Posted July 07, 2003 by publisher in Cuba Politics.
By LAURA INCALCATERRA | THE JOURNAL NEWS
Irving Wolfe may be 90 but as he puts it, “I’m still going, not so strong, but I’m still going.”
This month, Wolfe once again will go to Cuba in defiance of U.S. travel restrictions and a trade embargo on the communist Caribbean nation, which sits just 90 miles off Florida’s coast.
Wolfe will join Pastors for Peace, a project of the New York City-based Interreligious Foundation for Community Organization. A caravan left for the Texas-Mexico border yesterday, but Wolfe won’t join them in Texas until July 16.
The group plans to cross into Mexico on July 17 and ship goods to Cuba via freighter from the town of Tampico, where, Wolfe said, Cuba will send a plane for members of the caravan.
“What we’re doing is illegal,” Wolfe said. “But we’re bringing material aid that is desperately needed — powdered milk, school supplies, medicine.”
Pastors for Peace has gone to Cuba 13 times since 1992; Wolfe has joined the caravan 12 times.
The Rev. Lucius Walker, executive director of the Interreligious Foundation and a minister at Salvation Baptist Church in Brooklyn, said the trips to Cuba began after churches on the island asked for help after the breakup of the Soviet Union.
The U.S. embargo began in the 1960s, in the wake of the Cuban missile crisis. Communism and communist countries were considered enemies by the United States.
When the Soviet Union disintegrated in 1989, Cuba lost billions of dollars in subsidies, and the country’s 11 million people grappled with starvation.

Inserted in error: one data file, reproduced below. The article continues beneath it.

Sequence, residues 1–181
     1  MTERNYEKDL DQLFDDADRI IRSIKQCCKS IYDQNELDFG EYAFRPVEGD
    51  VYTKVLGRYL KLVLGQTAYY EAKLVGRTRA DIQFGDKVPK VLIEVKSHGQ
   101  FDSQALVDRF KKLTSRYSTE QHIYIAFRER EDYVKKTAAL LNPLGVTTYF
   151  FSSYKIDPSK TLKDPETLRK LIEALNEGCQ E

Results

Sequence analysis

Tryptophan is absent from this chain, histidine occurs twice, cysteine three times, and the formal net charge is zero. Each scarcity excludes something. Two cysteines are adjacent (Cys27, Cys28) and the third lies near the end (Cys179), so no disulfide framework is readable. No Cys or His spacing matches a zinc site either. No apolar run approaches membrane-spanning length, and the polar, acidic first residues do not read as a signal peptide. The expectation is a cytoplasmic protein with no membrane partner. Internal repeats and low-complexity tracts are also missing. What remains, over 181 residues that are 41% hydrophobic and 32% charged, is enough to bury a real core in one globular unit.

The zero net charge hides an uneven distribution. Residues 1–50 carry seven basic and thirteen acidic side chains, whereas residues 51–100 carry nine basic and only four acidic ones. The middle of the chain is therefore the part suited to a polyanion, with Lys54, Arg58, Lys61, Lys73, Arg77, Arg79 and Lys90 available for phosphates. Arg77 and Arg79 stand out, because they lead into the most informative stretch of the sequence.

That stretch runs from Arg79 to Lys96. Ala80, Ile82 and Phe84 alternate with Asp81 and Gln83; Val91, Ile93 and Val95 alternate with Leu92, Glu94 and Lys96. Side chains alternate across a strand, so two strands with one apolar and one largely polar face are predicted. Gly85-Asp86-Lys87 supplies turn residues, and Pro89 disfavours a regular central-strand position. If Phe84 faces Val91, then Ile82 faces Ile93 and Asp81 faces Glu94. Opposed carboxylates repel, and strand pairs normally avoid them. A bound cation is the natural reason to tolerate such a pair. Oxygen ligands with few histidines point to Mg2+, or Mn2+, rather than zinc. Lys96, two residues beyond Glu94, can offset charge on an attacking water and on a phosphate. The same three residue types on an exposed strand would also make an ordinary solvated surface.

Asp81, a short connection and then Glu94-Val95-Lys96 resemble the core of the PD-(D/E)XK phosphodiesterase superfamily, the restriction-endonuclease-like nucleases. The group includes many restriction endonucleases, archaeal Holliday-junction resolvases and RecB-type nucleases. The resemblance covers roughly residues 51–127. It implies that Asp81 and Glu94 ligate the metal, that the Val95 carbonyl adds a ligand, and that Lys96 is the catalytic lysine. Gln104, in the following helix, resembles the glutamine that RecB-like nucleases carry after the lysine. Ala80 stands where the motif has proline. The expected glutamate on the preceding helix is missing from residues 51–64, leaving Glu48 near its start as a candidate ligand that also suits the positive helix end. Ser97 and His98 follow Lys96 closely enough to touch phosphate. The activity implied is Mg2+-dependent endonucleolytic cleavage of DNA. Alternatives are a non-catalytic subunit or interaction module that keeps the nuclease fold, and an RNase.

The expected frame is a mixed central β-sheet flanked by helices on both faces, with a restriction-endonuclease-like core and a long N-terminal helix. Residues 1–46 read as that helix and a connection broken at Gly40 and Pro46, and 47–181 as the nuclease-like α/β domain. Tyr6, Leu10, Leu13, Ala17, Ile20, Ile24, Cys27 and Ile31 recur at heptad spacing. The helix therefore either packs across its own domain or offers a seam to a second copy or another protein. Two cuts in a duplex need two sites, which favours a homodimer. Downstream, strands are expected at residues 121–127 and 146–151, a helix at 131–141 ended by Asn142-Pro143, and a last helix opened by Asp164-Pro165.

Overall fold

Cuba used tourism to rebuild, with President Fidel Castro working with companies from Canada, Italy and Spain, among others, to build hotels and resorts.
Congress allowed the sale of medicines to Cuba in 1992 and the sale of food in 2000. But Walker said more could be done to help people if there were no embargo.
“We believe that our country’s — our government’s — blockade of Cuba is mean-spirited and wrong,” Walker said.
Members of the Pastors for Peace caravan are “just trying to be good neighbors,” he said.
Walker said the Interreligious Foundation also believes in fighting the embargo. The organization has reached out to Congress and led trips to Cuba.
Cuba isn’t just asking for help, Walker said. The country has items the United States could buy. On past trips, Pastors for Peace has brought some of those items back into the United States in a reverse challenge to embargo rules prohibiting goods from Cuba, including solar panels, coffee, honey and a biodegradable rat poison.
Wolfe said he first went to Cuba in time for the New Year’s Day celebration in 1961 — the second anniversary of the revolution that put Castro in the president’s seat.
Wolfe said he went because there was so much conflicting information about Cuba at the time and he wanted to know the truth. He said Cuba has virtually ended illiteracy and has a health care system that serves all.
“I know most Americans think Cubans are unhappy with Cuba, and some are,” Wolfe said. “But the great majority are well-educated and reasonably happy with their country.”
Recent calls have come to end the embargo, with American businesses interested in increasing trade with Cuba. But in April, Castro cracked down on a dissident movement and sent more than 70 people to jail. He also executed three men convicted of hijacking a boat to go to Florida.
Cuba has accused the United States of stirring unrest and backing the dissidents, while American officials have said that Cuba is a state sponsor of terrorism, just like Iran, North Korea and Syria.
The Pastors for Peace will return to the United States on July 29.
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